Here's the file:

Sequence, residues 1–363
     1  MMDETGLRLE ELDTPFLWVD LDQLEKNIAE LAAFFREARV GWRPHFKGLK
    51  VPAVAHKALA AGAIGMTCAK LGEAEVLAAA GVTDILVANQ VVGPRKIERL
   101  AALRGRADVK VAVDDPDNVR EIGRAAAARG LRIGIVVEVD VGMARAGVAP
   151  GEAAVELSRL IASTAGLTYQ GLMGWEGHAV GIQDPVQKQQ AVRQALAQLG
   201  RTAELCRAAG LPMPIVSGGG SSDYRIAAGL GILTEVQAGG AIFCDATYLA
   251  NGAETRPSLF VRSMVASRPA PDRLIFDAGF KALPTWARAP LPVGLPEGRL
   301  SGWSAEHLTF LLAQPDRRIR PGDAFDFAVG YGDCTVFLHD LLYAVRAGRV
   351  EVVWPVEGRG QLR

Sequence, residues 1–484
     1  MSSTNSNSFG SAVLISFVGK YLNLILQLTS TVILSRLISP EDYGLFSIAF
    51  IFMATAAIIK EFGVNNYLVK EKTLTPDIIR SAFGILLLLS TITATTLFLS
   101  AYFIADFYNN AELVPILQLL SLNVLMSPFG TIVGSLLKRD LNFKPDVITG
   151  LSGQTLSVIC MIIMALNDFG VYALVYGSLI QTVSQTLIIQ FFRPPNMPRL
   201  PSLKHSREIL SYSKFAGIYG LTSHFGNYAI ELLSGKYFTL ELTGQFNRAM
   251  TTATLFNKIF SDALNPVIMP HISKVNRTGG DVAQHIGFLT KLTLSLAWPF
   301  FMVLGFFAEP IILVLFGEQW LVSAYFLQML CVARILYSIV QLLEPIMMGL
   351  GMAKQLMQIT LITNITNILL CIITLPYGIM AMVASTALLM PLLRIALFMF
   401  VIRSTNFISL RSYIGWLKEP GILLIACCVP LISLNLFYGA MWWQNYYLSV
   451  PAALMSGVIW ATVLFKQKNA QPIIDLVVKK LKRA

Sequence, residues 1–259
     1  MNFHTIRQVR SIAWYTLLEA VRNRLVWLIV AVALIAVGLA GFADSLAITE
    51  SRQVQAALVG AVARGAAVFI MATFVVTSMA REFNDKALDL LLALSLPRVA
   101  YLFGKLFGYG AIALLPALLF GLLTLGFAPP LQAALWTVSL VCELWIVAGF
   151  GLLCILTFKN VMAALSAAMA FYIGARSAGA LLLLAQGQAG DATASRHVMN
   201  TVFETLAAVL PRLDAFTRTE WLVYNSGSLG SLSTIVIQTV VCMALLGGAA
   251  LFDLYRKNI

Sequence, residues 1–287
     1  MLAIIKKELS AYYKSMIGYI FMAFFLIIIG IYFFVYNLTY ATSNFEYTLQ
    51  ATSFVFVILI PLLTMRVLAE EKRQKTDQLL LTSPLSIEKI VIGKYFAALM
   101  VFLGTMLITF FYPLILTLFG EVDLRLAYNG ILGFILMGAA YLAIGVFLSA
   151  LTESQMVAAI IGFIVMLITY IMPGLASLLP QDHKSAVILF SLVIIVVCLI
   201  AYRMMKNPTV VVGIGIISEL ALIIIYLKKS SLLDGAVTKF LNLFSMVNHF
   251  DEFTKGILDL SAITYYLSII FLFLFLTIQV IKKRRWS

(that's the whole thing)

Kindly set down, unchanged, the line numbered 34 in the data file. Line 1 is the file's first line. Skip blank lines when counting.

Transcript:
   251  DEFTKGILDL SAITYYLSII FLFLFLTIQV IKKRRWS